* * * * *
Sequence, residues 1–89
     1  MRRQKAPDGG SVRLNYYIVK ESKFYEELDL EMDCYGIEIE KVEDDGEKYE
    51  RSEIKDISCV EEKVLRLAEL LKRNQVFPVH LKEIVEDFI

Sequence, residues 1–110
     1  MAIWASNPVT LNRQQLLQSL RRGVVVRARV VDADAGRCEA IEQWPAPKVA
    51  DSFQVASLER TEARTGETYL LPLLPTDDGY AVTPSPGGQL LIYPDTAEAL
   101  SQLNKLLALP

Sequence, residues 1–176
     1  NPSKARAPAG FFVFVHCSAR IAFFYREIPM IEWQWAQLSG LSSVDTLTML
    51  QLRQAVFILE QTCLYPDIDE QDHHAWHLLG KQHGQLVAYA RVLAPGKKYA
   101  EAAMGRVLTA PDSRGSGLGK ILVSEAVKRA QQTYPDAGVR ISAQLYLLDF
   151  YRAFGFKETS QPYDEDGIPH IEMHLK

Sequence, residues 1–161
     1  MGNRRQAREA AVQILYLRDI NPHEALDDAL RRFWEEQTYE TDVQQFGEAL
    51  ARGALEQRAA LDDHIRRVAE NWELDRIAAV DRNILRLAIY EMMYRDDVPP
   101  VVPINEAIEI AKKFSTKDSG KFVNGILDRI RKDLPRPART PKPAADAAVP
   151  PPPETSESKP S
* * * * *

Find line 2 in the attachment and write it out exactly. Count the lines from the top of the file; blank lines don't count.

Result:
     1  MRRQKAPDGG SVRLNYYIVK ESKFYEELDL EMDCYGIEIE KVEDDGEKYE